Thursday, December 13, 2012

Recipes from Croatia

So the answer to your question is, no, you cannot put Pyrex under then broiler. That's what they mean by "no broiler," you know, those words that are stamped on the bottom of every Pyrex dish.

Oh, that wasn't your question? I guess I actually might be the only person dumb enough to try doing that.

So one shattered Pyrex dish, a lacerated thumb and a tetanus shot later, I am ready to tell you about my culinary journey to Croatia.

The second thing I want to say is that Croatian chefs must never leave the kitchen. It takes forever to prepare Croatian food.

Anyway, Croatia is an Eastern European nation, situated in the same general region as Hungary, Serbia and Bosnia and Herzegovina. It spent a lot of time in the news in the early 90s, when the government declared independence from Yugoslavia, resulting in a four year war of independence. The war ended successfully—if you can call 20,000 deaths a success—and Croatia is now recognized by the European Economic Community and the United Nations. Today it is a popular tourist destination, 18th in the world, in fact, with most of the tourism trade taking place along the coast of the Adriatic Sea.

Croatian cuisine varies from county to county, which actually would make it a good candidate for one of those countries I've been breaking up into regions (like France and the US). So at some point I may move it to the bottom of my list and fill in all the various regions, though this will be after I get to the end of the alphabet, and who knows how bonkers I'll be by that time. My psychologists may be recommending I stay out of the kitchen.

So here are the recipes I chose. First, an appetizer, which I picked almost entirely based on the fact that it contains cheese:

Zagorje Cheese Štrukli
(This recipe comes from Croatia Traveller)

  • 6 cups all-purpose flour
  • 5 eggs
  • 1 tbsp cooking oil
  • 2 cups water
  • 1/8 tsp of salt
  • 2 1/2 pounds dry curd cottage cheese or ricotta
  • 1 cup (2 sticks) butter, melted
  • 4 cups heavy cream
And for the main dish (also from Croatia Traveller):

Dalmatinska pasticada (Dalmatian Stewed Beef)

(No, this is not stewed Dalmatian, though I know you wouldn't put it past me. Smile Dalmatia is a historical region of Croatia, and as you probably guessed the Dalmatian dog is said to trace its ancestry to that part of the world.)

  • 2 1/2 pounds beef round
  • 6 to 8 slices smoked bacon, cut into ½-inch pieces
  • 2 cloves garlic, coarsely chopped
  • salt and pepper to taste
  • 1/4 cup mustard
  • 3/4 cup cooking oil
  • 3/4 pound soup vegetables, chopped (I used carrots, celery and parsnips)
  • 1 large onion, minced
  • 1/2 cup red wine
  • 1/4 cup tomato paste
  • 3 fresh figs, slivered, or dried figs
  • 3 pitted prunes, slivered
  • 1 apple, peeled and sliced
  • 1 tbsp chopped fresh rosemary
  • 1 tbsp chopped fresh thyme
  • 1 bay leaf
On the side:
(This recipe comes from Lily Elric, a cookbook author who was raised in Canada by Croatian parents. Her recipe was published at Perfect Entertaining.)

Potato Paprika Saute

  • 1/4 cup oil
  • 4 tsp paprika
  • 8 red or white potatoes, sliced
  • Salt to taste
And for dessert:
(From, translated from the original Croatian)

Palacinke (Cheese Filled Crepes)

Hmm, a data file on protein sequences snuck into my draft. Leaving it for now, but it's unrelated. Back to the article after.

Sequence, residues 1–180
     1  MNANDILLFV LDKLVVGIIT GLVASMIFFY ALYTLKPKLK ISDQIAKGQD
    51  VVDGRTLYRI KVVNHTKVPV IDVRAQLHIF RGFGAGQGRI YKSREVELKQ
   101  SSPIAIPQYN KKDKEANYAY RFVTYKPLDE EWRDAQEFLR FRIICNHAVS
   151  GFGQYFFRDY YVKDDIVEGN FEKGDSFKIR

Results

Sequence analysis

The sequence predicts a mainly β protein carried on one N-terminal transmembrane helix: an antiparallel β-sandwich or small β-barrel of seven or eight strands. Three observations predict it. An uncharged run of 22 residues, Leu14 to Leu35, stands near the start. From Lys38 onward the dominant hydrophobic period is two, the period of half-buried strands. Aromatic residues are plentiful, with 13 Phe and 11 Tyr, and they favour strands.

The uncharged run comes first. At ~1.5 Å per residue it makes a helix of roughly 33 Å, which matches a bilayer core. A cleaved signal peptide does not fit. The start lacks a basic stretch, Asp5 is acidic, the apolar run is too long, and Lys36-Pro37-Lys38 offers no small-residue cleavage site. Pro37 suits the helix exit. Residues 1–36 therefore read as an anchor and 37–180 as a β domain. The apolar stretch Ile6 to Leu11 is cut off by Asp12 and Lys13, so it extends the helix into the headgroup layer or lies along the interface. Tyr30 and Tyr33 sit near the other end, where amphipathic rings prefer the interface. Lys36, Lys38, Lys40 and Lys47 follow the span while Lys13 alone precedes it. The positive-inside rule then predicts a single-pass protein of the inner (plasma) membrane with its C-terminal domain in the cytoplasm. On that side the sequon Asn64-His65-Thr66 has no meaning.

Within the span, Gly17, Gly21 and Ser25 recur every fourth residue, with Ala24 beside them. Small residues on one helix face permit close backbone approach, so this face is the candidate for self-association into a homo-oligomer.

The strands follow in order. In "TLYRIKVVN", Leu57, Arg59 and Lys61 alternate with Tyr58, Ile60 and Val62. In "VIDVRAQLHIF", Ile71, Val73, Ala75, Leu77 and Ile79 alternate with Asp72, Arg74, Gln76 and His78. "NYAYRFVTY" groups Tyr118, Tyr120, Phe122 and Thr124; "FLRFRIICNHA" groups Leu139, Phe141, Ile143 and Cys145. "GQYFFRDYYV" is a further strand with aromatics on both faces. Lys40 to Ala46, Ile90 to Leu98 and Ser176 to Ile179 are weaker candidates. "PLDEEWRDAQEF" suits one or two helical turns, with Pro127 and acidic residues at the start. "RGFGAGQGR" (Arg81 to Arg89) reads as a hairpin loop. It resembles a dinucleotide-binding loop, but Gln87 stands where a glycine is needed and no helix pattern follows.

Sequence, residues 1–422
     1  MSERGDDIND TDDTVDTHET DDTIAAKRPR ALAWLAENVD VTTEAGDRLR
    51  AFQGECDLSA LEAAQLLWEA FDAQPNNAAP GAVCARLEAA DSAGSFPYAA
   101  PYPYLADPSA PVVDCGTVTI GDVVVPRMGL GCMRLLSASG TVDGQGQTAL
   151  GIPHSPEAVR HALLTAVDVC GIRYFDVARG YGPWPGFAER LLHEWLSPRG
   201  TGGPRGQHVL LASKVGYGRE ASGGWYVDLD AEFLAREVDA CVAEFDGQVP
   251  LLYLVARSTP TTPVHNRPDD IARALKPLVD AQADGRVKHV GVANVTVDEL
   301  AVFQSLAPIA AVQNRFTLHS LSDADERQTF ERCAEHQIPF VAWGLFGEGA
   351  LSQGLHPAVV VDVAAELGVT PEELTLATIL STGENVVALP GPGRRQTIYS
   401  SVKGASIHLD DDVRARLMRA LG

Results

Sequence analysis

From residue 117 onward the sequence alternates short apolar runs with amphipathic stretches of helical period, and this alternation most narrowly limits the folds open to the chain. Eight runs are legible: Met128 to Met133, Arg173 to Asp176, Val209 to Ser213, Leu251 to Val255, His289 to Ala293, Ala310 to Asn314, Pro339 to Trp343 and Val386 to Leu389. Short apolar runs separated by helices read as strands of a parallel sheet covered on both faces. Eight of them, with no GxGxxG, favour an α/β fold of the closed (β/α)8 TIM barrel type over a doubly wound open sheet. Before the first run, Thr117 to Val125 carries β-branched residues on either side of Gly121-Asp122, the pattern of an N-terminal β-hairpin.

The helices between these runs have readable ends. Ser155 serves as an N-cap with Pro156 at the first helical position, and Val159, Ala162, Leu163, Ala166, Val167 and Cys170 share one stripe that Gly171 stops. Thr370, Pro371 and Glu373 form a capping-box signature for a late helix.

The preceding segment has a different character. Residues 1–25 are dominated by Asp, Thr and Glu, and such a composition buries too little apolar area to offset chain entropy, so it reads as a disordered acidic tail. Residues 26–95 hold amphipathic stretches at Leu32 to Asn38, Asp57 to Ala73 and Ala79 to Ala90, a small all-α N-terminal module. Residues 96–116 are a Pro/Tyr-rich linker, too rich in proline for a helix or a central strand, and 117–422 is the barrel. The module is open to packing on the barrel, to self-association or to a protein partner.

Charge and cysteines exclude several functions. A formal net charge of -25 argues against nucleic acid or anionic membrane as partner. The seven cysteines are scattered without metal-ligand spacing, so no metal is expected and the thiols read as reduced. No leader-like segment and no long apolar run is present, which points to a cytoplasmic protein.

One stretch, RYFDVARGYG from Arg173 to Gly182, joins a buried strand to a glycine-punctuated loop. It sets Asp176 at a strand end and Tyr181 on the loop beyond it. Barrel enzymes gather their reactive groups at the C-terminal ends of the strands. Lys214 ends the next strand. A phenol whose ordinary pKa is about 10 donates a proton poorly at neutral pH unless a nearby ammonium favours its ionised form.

For the crepes:
  • 2 eggs
  • pinch of salt
  • 2 cups of milk
  • 2 cups flour
  • 1/2 cup sparkling mineral water
  • 1 tsp grated lemon peel
  • oil for frying
For the Filling:
  • 1/2 pound farmer's cheese
  • 1 egg
  • 1/4 cup sugar
For the Topping:
  • 1/2 cup sour cream
  • 1 egg
So I started this meal at like 2 in the afternoon, and I think it was probably 7 o'clock by the time I finished. Croatian food is a lot of work. If you want to cut back on the effort a little, maybe just go with the stewed beef and paprika potatoes, and skip the appetizer and the dessert.

OK, starting with the beef:

You are supposed to do this first step the day before you serve it. I, of course, being me, did not do that. Instead I just put it in the fridge for a few hours.

Anyway, cut the meat all over with little half-inch or so pockets, then stuff the pockets with the bacon and garlic. Rub salt and pepper into the meat.

Now mix the mustard with 1/4 cup of cooking oil, and rub that over the meat. Cover and place in the refrigerator overnight.

Heat a half cup of cooking oil over a medium high flame and brown the meat all over. Remove and set aside. Add the vegetables to the same pot and cook until soft, then return the meat to the pot.

Now here's where the directions became a little unclear. They say to stew the meat for two hours, "adding water and wine as needed." To me, stew means cover completely with liquid. But the recipe doesn't say how much water to use, and it only calls for a half cup of wine. If I put enough water in the pot to completely cover the meat, this would make for really watered down wine, and that seemed a little pointless. So I didn't cover the meat completely with water. As it turns out, I probably should have (and you probably should, too).

So anyway, stew the meat for two hours. Then add the tomato paste and fruit and keep cooking until the fruit is soft. Then add the rosemary, thyme and bay and cook for another 10 or 15 minutes.

Take the meat out of the pot and let rest, then slice. It will look really funny because of those bits of bacon—spotted, almost like, you know, a Dalmatian.

In this photo you can't really see the bacon, but in person the difference in color was pretty obvious.

Strain the sauce and pour over the meat. In my case, a lot of sauce was necessary because my meat was really dry—a side effect of not having been completely covered by liquid.

OK, while the meat is stewing you can get to work on the appetizer. I originally thought I was making some kind of pastry, but this is really more of a pasta, served in a ridiculously rich sauce. Don't make too many of them, because you won't be able to eat them all—or you will be able to eat them all and will have no room for the main course.